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Title: Public spaces in a contemporary urban environment : multi-dimensional urban design approach for Saudi cities
Authors: Mandeli, Khalid
Issue Date: 2011
Publisher: Newcastle University
Abstract: Contemporary spatial planning policy and practice for regulating urban growth and urban space have led to fragmentation in the layout of modern residential areas in many countries. This fragmentation, together with the structural change that societies around the world have experienced in the last three to four decades, has created transitory and impersonal public spaces that not only deprive inhabitants of the socialisation associated with traditional communities but which also contribute to the breakdown of one of the mechanisms of behaviour control and crime prevention (i.e. natural surveillance combined with self-policing). As these spaces become less identified, residents’ perceptions of vulnerability to criminal and sub-criminal activities, as well as the actual level of antisocial behaviour, have increased. In addition, residents are exposed to higher levels of risk from traffic, noise, air pollution, and other urban hazards. Therefore, awareness of risk and fear of the outdoor environment are heightened and become common in the rhythms of the everyday lives of residential environments. Consequently, individuals (or at least those within certain sectors of society) have withdrawn from public life, and life in general has become more insular, inward-looking and home based. Our problem is that public spaces within modern residential areas in Jeddah have changed from being embedded in the social fabric of the city to being part of fragmented urban settings. These spaces have not only reduced socialisation for inhabitants, but have also become a public burden and a continuous drain on urban life. This research draws on an exploratory and explanatory investigation to understand how the current state of these spaces came about. For this purpose, we have dissected the different actions undertaken by the stakeholders involved in public space provision. This has the further aim of developing multi-dimensional intellectual approaches to inform urban design principles for the future provision of this amenity. Broadly speaking, the investigation –– which was carried out using a mixed method as its research strategy –– allows us to argue that the contemporary practice of public space provision does not create places that might foster community interaction and enrich socio-cultural life in this context. Moreover, the key argument of this research is that the quality of public spaces within modern residential areas can be effectively enhanced by public participation in the maintenance and management of these spaces. Some recommendations for the future provision of this amenity are offered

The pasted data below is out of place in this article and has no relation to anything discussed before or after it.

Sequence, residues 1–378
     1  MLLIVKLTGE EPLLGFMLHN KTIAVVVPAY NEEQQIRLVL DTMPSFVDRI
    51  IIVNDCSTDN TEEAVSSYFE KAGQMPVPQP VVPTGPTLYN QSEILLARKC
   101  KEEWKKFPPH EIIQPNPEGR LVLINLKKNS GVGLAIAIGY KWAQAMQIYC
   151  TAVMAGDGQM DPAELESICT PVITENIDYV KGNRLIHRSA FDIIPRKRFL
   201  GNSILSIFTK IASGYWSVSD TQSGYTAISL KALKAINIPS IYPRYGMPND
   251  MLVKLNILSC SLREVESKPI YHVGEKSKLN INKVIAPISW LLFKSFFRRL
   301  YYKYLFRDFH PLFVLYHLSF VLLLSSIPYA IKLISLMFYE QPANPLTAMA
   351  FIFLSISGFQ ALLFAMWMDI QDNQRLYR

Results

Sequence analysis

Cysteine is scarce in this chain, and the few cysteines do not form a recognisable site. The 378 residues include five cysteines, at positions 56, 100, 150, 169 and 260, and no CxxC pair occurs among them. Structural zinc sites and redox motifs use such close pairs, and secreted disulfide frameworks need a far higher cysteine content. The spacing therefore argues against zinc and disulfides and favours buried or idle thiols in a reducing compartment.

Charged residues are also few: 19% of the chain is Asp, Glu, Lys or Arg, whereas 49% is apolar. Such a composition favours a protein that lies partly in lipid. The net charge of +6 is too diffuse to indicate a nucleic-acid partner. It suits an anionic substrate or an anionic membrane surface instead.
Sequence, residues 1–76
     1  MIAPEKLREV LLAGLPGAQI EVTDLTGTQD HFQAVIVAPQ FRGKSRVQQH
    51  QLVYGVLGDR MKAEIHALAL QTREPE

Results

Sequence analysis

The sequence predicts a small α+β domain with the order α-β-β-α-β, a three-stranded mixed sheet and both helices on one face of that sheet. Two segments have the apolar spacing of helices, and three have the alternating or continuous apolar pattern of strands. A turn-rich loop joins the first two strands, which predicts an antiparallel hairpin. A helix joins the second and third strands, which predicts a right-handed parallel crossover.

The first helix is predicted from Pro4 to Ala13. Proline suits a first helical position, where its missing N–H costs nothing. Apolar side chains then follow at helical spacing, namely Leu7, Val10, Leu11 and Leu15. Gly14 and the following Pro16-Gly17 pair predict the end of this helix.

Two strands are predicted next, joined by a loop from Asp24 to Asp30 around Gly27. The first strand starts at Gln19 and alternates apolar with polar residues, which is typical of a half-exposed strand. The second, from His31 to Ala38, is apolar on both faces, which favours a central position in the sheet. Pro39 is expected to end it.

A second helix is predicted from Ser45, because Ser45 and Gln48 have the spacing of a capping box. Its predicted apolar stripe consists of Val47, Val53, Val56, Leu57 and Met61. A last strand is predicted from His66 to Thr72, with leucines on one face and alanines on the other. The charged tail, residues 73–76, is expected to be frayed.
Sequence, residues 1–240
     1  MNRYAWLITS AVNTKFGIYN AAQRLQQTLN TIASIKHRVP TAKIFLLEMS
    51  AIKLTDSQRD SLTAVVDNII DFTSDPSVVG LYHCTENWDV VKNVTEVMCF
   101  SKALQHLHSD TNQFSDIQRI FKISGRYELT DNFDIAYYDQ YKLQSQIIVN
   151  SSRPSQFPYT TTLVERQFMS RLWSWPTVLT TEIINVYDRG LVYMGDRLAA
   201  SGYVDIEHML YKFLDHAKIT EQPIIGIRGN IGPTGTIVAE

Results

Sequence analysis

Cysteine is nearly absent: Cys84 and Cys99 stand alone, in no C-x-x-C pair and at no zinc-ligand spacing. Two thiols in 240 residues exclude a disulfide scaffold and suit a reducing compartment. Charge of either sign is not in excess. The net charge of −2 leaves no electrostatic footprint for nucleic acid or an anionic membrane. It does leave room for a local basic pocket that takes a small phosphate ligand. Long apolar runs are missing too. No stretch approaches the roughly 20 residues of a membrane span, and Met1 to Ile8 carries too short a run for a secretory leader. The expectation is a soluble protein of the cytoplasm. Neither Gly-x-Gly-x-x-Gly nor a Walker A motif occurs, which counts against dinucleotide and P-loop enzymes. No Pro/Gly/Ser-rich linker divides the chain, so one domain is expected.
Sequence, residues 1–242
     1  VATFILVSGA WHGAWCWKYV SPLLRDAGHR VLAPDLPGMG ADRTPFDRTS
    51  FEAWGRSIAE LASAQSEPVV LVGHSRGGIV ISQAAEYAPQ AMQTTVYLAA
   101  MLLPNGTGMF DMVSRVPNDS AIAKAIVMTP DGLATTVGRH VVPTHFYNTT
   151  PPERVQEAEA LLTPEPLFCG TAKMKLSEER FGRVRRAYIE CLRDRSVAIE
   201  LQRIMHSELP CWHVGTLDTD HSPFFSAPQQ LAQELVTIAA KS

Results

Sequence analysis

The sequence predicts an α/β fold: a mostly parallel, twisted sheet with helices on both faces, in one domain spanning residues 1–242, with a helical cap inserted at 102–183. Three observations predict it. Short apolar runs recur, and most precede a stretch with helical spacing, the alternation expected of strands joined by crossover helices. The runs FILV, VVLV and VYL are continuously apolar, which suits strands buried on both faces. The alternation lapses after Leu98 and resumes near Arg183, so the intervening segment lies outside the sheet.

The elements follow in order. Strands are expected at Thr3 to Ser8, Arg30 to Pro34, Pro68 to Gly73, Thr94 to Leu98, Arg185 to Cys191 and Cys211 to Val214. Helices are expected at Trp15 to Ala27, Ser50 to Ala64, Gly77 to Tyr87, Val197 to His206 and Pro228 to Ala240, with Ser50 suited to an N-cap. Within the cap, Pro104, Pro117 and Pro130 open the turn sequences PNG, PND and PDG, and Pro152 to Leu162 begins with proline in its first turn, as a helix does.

Description: PhD thesis
Appears in Collections:School of Architecture, Planning and Landscape

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